Background: Trends of occupational asthma (OA) differ between regions depending on local industries, provisions for health and safety at the workplace and the availability of a reporting scheme to help in data collection and interpretation.
Aim: To assess trends in OA in an industrialized part of the UK over a 15-year period.
Methods: Occupational and chest physicians in the West Midlands were invited to submit details of newly diagnosed cases with OA. Data were then transferred to the regional centre for occupational lung diseases for analysis.
Results: A total of 1461 cases were reported to the scheme. Sixty-eight per cent were males with mean (standard deviation) age of 44 (12) years. The annual incidence of OA was 42 per million of working population (95% CI = 37-45). OA was most frequently reported in welders (9%) and health care-related professions (9%) while < 1% of cases were reported in farmers. Isocyanates were the commonest offending agents responsible for 21% of reports followed by metal working fluids (MWFs) (11%), adhesives (7%), chrome (7%), latex (6%) and glutaraldehyde (6%). Flour was suspected in 5% of cases while laboratory animals only in 1%.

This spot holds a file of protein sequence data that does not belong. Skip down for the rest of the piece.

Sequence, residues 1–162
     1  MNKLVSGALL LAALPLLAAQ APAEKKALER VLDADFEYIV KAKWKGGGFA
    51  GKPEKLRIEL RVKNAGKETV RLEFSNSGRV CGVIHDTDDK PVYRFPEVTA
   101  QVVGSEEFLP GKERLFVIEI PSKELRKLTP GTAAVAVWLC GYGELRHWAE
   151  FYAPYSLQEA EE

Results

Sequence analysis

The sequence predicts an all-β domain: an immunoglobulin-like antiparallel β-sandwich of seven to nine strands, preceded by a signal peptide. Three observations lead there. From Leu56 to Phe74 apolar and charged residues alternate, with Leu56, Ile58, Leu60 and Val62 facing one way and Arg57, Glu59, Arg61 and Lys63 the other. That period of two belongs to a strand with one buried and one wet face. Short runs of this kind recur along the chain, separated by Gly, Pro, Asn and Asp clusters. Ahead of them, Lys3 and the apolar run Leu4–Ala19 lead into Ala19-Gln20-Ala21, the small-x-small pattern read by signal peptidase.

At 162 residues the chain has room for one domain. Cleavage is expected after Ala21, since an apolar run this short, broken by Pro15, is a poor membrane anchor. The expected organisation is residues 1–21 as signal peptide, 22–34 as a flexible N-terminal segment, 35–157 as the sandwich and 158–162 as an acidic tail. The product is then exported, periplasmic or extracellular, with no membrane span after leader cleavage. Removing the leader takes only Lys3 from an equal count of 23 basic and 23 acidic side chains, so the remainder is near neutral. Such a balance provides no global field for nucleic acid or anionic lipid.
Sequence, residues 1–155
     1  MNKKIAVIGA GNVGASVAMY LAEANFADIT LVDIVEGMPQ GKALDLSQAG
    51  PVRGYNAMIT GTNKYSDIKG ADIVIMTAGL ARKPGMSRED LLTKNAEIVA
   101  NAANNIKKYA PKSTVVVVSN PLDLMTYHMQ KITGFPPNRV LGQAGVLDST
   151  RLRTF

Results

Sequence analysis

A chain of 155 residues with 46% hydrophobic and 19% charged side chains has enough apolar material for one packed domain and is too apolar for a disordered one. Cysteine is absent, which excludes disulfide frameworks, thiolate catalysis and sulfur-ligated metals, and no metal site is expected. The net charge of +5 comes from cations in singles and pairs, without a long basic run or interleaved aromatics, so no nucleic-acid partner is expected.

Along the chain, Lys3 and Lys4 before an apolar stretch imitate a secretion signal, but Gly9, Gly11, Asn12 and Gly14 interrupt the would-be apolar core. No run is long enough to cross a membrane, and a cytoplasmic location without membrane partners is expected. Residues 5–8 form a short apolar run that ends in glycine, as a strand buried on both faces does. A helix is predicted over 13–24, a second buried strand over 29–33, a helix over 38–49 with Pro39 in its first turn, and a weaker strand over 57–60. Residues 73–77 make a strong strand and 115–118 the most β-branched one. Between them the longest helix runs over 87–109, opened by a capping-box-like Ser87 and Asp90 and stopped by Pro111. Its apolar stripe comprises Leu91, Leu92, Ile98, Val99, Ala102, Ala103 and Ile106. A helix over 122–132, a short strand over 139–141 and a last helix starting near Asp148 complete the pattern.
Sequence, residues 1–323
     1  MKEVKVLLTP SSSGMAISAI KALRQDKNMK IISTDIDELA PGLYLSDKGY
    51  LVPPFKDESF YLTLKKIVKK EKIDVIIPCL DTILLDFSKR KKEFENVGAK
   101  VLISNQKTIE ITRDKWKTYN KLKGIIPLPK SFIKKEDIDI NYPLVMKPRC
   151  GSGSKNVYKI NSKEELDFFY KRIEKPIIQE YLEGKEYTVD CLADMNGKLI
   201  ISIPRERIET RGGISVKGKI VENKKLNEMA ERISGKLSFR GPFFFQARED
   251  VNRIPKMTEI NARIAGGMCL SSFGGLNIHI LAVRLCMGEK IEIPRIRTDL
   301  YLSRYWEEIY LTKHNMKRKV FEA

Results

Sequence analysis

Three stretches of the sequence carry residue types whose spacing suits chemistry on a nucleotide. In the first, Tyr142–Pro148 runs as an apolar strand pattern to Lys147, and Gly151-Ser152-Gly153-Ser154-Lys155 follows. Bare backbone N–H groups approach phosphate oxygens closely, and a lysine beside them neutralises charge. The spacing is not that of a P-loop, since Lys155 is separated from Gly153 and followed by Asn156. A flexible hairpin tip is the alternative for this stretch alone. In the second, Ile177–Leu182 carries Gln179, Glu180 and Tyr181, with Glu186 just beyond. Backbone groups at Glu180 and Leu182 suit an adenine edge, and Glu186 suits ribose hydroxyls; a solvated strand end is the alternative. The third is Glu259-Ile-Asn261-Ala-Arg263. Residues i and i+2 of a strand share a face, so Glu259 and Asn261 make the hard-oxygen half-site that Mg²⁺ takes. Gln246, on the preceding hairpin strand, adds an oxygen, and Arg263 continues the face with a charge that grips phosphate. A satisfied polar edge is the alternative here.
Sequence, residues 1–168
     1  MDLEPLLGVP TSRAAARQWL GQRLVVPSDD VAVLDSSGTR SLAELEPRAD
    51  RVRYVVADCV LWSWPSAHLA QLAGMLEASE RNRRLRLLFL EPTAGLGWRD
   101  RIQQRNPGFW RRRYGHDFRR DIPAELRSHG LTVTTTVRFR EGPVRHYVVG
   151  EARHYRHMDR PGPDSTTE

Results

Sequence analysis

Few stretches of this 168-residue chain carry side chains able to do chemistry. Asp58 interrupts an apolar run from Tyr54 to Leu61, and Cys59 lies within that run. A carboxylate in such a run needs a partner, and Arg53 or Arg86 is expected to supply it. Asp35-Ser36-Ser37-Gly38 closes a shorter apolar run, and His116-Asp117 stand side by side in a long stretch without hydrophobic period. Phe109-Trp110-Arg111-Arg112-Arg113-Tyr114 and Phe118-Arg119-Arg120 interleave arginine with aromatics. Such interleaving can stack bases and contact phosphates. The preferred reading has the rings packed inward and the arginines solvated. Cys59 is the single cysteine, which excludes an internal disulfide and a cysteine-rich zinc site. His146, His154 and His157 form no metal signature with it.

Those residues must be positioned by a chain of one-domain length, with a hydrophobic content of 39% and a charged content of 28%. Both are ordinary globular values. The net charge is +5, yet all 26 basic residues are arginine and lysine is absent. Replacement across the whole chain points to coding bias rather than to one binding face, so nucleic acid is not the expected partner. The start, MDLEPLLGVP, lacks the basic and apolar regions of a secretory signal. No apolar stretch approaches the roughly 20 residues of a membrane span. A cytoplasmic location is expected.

Conclusions: Our data confirm a high annual incidence of OA in this part of the UK. MWFs are an emerging problem, while isocyanates remain the commonest cause. Incidence remained at a fairly stable background level with many small and a few large epidemics superimposed. Schemes like Midland Thoracic Society's Rare Respiratory Disease Registry Surveillance Scheme of Occupational Asthma could help in identifying outbreaks by linking cases at the workplace.